The battle of Milne Bay (25 August-7 September 1942) was the first defeat suffered by Japanese land forces during the war in the Pacific, and prevented them from establishing a base at the eastern tip of New Guinea.
The Japanese had attempted to establish a foothold on the south-eastern shore of New Guinea in May 1942, but had been turned back at the battle of the Coral Sea. They had then landed a strong force at Buna, at the northern end of the Kokoda Trail, a mountain track that crossed the Owen Stanley Range and ended at Port Moresby. By August the Japanese were making slow progress along this track, and decided to occupy Milne Bay in order to construct an airfield from where they could threaten Port Moresby.
Allied interest in Milne Bay began on 8 June, when a small party of Australians and Americans flew out to the area to search for a suitable sight for an air base. Their mission was a success, for on 12 June GHQ, South West Pacific Area, authorized the construction of air bases around the head of Milne Bay.
A small Allied garrison – two companies and a machine gun platoon from the Australian 15th Brigade – sailed for Milne Bay from Port Moresby on 22 June, arriving three days later. They were followed on 29 June by Company E of the US 46th Engineers, who began work on the new airfields, which were soon operational. By the time the Japanese attacked Nos.75 and 76 Squadrons of the Royal Australian Air Force, equipped with P-40 Kittyhawks, and No.6 Squadron (RAAF), with the Lockheed Hudson, were all flying from the new airfields.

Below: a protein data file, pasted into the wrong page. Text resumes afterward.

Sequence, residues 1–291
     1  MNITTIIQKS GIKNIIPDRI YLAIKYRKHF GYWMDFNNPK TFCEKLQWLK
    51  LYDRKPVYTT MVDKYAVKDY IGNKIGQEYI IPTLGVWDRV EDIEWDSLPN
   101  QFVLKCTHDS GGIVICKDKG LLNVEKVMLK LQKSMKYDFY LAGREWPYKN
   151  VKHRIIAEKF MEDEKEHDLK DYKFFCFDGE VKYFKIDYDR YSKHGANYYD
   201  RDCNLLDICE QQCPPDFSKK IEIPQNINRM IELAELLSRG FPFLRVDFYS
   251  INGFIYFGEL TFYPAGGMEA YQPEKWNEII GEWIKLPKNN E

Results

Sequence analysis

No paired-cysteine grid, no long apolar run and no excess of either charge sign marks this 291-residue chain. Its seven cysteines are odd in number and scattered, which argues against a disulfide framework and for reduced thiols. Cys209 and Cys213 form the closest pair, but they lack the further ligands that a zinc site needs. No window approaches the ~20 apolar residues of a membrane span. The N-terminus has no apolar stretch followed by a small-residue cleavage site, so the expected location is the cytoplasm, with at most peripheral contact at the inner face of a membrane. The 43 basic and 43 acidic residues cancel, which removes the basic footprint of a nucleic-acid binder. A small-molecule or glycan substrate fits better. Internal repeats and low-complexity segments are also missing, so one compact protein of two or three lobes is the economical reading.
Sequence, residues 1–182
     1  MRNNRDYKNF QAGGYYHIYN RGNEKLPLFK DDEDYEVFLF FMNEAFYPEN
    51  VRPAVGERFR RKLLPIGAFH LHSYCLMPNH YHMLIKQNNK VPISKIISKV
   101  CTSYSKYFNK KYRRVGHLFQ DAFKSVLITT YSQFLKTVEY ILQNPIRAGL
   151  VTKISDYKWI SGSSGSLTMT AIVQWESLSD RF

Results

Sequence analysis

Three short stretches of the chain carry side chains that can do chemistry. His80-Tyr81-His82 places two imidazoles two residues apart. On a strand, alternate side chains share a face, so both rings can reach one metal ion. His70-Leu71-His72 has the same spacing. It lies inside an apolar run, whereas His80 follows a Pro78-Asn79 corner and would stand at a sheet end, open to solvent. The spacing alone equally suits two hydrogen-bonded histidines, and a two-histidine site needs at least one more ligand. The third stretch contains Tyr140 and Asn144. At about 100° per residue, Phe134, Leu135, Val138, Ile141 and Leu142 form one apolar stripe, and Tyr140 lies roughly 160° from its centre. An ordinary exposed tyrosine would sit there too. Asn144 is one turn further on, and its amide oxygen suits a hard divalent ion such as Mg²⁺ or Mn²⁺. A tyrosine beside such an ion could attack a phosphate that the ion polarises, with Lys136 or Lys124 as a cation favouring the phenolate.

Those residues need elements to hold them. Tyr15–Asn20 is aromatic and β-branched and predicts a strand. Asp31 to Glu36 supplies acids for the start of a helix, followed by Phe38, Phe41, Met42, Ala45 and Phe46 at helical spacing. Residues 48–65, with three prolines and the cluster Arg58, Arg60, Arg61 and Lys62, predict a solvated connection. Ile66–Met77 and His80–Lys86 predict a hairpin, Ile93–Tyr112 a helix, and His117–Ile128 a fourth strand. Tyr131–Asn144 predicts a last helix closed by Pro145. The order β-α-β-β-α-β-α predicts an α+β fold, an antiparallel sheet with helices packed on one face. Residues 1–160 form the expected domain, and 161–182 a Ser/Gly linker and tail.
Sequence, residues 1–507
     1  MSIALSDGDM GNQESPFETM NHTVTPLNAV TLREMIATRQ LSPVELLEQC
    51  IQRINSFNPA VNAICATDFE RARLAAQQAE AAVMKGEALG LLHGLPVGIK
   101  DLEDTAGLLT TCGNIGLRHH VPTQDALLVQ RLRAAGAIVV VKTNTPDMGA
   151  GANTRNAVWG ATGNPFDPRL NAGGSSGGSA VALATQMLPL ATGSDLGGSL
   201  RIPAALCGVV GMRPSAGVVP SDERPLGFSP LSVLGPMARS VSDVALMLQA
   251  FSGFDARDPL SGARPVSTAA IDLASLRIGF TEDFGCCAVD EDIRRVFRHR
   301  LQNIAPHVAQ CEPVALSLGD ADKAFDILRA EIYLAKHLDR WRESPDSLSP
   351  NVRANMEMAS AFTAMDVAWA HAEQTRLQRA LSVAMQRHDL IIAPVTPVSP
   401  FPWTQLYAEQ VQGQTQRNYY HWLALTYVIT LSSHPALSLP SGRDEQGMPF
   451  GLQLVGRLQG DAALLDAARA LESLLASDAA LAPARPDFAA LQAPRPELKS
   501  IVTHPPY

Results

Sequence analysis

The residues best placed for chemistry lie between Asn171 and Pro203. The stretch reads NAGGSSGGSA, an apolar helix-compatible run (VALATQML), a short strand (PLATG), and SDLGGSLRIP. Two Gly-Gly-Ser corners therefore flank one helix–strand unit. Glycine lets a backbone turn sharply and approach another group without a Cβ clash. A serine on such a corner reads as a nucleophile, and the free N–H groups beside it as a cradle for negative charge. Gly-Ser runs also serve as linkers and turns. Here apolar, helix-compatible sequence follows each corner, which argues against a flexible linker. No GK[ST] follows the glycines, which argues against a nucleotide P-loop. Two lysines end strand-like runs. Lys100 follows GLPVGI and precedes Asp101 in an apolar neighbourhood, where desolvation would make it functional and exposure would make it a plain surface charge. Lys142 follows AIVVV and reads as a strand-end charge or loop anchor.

The garrison was dramatically increased in size before the Japanese arrived. During July the Australian 7th Militia Brigade was ordered to Milne Bay, and on 21 August it was joined by the 18th Brigade, an experienced regular force under the command of Brigadier George Wooten. Including the American engineers, and the US 709th Airborne Anti-Aircraft Battery, the defenders of Milne Bay numbered around 8,700, under the command of Major-General Cyril Clowes (as well as 664 men from the RAAF).
Tokyo ordered an all-out offensive in eastern New Guinea on 28 July. By 20 August the details of the attack on Milne Bay had been worked out. 1,500 troops were to be transported from Kavieng, New Ireland and Buna, with orders to land at Rabi, from where they were to launch an immediate attack towards No.3 Airstrip, the eastern-most of three airfields being built at Milne Bay.
The Japanese force departed for Milne Bay on 24 August. The troops from New Ireland travelled in large transports, but the troops from Buna set out in seven large landing barges. That afternoon the barges were spotted one of the coastwatchers. On 25 August a force of P-40s from the airfield at Milne Bay found the barges while they were beached on Goodenough and D’Entrecasteaux Islands, off the north-eastern corner of New Guinea, and destroyed all seven of them.